Maintainers unPhased under pressure

  • Published
  • By Tech. Sgt. Shawn McCowan
  • 455th Air Expeditionary Wing Public Affairs
Hiding on a corner of the flight line, a team of maintainers rolls one A-10 Thunderbolt II after another through their makeshift hangar; an oversized tent. Their workload is both intense and intensely important. They complete their deployed tasks in a fraction of the time allotted in training, while adhering to the strictest of standards.

Without them, the Air Force would have to replace its entire flying inventory every couple of years.

The phase inspection team assigned to the 455th Expeditionary Maintenance Squadron can disassemble, inspect, and reassemble most components of an A-10 faster than most auto repair companies can replace a transmission. Their efficiency requires an ideal combination of management, skilled technicians, and a strong sense of teamwork. The Bagram phase team has all three.

Master Sgt. Gary Childers manages workflow for the entire phase process with his team, most of which deployed with the 188th Fighter Wing's Flying Razorbacks, at Ebing Air National Guard Base in Fort Smith, Ark. The pase team consists of about 40 Airmen from 12 work centers in two squadrons. That means each team member has to be familiar with many systems on the aircraft.

"Phase" covers 300 separate inspection points, or nearly every inch of the aircraft. Because of the critical and intrusive nature of phase inspections, their work is 100 percent inspectable. This work requires extraordinary thoroughness.

It normally takes teams of eight Airmen as long as 30 days to complete a Phase inspection on an A-10. But during operations, the war can't wait. So the same team works 24 hours per day in 12-hour shifts. Their non-stop effort has a huge impact on the inspection's completion time.

The same month-long process is completed in as little as four days.

Once an aircraft is due for its phase inspection, it is rolled into their inspection hangar. Then the A-10 phase team begins the first day by pulling the aircraft apart, panel by panel, from every direction. Days two and three are spent performing inspections, repairs, and reassembly and operational checks to ensure each part functions properly. By day four, the aircraft gets a final once-over, and is rolled back out to the flight line for its next mission.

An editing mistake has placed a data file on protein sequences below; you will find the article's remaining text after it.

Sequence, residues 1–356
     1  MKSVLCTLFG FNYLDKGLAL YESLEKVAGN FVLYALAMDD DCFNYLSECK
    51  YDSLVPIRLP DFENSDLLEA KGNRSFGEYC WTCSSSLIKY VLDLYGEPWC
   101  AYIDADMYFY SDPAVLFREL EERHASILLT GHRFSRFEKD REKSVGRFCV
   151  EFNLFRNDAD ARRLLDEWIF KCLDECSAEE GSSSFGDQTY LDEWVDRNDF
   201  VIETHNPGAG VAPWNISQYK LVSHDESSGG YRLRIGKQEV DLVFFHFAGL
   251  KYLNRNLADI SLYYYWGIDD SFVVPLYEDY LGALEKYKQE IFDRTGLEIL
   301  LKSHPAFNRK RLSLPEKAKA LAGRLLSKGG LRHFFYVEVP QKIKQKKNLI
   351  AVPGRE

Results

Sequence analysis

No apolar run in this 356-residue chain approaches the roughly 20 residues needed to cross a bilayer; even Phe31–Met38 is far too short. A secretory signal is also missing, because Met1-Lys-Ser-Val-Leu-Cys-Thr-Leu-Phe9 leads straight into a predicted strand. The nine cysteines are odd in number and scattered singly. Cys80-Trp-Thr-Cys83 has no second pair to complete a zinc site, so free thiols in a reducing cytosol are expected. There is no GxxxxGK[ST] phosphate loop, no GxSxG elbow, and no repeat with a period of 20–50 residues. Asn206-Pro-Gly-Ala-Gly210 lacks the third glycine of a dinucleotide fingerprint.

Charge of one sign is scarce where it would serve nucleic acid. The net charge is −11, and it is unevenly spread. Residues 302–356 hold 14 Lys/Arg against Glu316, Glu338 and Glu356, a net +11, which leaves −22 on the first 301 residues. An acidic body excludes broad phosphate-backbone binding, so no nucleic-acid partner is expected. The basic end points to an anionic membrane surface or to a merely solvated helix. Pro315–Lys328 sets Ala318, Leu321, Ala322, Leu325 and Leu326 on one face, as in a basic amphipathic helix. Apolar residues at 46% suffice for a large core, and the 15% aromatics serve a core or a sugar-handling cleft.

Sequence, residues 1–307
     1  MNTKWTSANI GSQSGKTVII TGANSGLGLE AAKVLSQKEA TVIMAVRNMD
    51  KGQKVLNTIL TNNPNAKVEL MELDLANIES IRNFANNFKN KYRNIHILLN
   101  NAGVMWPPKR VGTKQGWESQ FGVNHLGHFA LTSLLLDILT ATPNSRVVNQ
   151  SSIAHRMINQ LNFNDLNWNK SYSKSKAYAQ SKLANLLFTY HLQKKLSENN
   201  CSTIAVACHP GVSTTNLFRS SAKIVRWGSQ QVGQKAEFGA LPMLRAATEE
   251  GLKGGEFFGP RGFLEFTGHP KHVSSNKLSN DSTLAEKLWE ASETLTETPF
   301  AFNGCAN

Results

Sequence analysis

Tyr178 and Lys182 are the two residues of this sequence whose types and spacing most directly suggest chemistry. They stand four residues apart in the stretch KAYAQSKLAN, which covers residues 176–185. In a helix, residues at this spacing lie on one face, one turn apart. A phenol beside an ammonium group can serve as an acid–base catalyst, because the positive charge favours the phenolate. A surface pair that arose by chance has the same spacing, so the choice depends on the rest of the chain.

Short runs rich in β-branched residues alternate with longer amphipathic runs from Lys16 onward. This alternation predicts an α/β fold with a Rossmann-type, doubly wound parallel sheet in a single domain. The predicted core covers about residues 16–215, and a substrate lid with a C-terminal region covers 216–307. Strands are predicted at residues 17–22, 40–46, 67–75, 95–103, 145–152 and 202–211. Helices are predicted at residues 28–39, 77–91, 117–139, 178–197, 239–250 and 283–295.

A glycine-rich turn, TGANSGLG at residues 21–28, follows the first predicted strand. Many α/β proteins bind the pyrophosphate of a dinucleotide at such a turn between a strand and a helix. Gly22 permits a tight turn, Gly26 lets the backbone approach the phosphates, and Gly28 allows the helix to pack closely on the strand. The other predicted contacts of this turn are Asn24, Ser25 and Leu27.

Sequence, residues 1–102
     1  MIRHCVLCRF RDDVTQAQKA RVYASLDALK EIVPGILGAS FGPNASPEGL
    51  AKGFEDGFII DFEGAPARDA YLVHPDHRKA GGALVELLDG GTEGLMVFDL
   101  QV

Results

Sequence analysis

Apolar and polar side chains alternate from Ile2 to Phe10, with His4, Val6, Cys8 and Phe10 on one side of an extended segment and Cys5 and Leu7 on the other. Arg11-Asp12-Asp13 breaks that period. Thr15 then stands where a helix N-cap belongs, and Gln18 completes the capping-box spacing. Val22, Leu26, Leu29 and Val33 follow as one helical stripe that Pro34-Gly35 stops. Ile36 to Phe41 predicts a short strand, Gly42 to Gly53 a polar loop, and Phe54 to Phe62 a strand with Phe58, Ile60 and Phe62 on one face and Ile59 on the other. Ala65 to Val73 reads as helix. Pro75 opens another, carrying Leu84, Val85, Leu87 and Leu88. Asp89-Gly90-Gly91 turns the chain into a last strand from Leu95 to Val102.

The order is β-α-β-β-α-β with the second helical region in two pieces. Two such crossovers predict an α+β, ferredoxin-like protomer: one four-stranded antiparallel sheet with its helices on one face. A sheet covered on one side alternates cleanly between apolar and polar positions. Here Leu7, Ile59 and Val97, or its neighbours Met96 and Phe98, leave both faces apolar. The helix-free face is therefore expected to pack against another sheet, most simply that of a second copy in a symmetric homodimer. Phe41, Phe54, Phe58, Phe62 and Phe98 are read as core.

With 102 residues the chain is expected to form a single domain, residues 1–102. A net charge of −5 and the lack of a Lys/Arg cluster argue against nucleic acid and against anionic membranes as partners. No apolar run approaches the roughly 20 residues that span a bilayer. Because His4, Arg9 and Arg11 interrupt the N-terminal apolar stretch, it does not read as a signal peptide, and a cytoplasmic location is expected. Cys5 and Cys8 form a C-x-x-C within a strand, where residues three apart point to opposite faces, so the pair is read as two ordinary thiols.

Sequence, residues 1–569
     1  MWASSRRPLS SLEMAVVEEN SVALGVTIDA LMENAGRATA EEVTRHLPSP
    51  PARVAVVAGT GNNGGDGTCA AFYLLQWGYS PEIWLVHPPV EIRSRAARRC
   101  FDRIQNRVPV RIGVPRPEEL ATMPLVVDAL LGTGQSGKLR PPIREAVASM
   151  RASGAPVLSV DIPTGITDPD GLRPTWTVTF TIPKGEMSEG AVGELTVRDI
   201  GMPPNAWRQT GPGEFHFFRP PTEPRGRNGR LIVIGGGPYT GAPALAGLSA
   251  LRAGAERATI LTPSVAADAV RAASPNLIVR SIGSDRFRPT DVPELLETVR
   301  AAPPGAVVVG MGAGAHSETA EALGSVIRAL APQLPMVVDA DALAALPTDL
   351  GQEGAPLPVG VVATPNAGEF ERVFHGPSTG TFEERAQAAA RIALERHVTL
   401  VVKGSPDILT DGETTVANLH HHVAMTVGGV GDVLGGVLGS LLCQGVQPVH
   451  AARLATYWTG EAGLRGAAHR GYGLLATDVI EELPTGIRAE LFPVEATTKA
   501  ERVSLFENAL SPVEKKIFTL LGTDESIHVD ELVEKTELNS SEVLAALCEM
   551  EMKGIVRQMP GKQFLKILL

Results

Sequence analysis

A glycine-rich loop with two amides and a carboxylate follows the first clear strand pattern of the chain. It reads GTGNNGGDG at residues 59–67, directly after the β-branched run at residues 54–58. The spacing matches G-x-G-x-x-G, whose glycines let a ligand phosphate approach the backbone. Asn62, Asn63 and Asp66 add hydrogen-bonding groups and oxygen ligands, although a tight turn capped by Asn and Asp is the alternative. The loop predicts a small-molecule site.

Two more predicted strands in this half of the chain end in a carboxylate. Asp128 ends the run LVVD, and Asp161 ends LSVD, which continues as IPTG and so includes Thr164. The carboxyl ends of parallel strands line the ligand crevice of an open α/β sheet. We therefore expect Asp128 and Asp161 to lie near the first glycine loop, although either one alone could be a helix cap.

The high day-to-day operations tempo can be just as hard on aircraft as it is on people. Aircraft like the A-10 are sent to phase inspection after every 500 flying hours. That number comes around about every two years at a stateside Air National Guard unit. In Afghanistan, the aircraft reach 500 hours nearly every three months, said Childers.

One of the major benefits of the increased workload is the experience the team gains. Childers estimated they get a year's worth of training every month. But the experience they brought to the fight  prior to arriving is necessary to make it all happen, said Childers.

"At least half of my team have been out of technical school for two years or less."

But Childers says the work pays off when the aircraft rolls out.

"You get a sense of pride when you get the plane together, they load it up with bombs, and you know what it's going out to accomplish. You see what your work is accomplishing. At home the mission is training. Out here it's real."

One member of the phase team, with a bit more experience than the others, is Staff Sgt. Dustin Ponder. Prior to his current assignment, he had already worked on A-10s and the C-17 Globemaster III. Ponder says he is impressed with the team's professionalism.

"Everyone knows what they're doing," he said. "We get a game plan, and everyone gets a zone to work on. And we're here 24/7, so we can get it done fast."

Ponder paused while removing an air conditioner vent to "tip his wrench" to his co-workers.

"I've been with a couple of units," Pender said. "I worked on A-10s before this in Germany. Everything here goes on as a team unit. And this is, bar-none, the best as far as camaraderie. Everyone gets along probably the best I've ever seen. But we still get things done fast."

Capt. Jason Woodruff, 455th Expeditionary Aircraft Maintenance operations officer, paid a visit to the phase hangar during an inspection. The Smethport, Pa., native, is assigned to an F-22 unit at Joint Base Langley-Eustis, Va. But he was not shy about his respect for his current unit's phase team.

"When they pull the jet into this hangar, these guys are on it," Woodruff said. "There are 20 guys working on this jet at any one time. They're all tearing into it, they like their job, and they know the benefit of getting that jet out onto the line to fly. These guys are doing an awesome job turning these jets, to get them back into the air to fight the mission."

The hot sun over Afghanistan crawled from one side of the hangar to the other while the men work. By the next time they see the sun, their current aircraft would likely be getting ready to depart for its next mission.